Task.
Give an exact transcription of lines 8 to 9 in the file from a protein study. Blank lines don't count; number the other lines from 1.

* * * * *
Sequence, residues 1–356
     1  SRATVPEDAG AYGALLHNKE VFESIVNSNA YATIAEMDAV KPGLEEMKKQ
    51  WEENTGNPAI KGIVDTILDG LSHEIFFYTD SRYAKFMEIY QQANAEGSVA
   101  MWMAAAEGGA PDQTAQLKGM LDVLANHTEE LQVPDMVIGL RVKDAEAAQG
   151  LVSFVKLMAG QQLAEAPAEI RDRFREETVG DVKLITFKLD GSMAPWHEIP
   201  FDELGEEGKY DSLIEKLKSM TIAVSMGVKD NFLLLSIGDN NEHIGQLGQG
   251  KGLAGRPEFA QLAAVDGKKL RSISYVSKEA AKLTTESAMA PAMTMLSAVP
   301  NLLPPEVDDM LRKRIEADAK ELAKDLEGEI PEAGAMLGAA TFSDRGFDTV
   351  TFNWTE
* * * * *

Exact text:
   301  NLLPPEVDDM LRKRIEADAK ELAKDLEGEI PEAGAMLGAA TFSDRGFDTV
   351  TFNWTE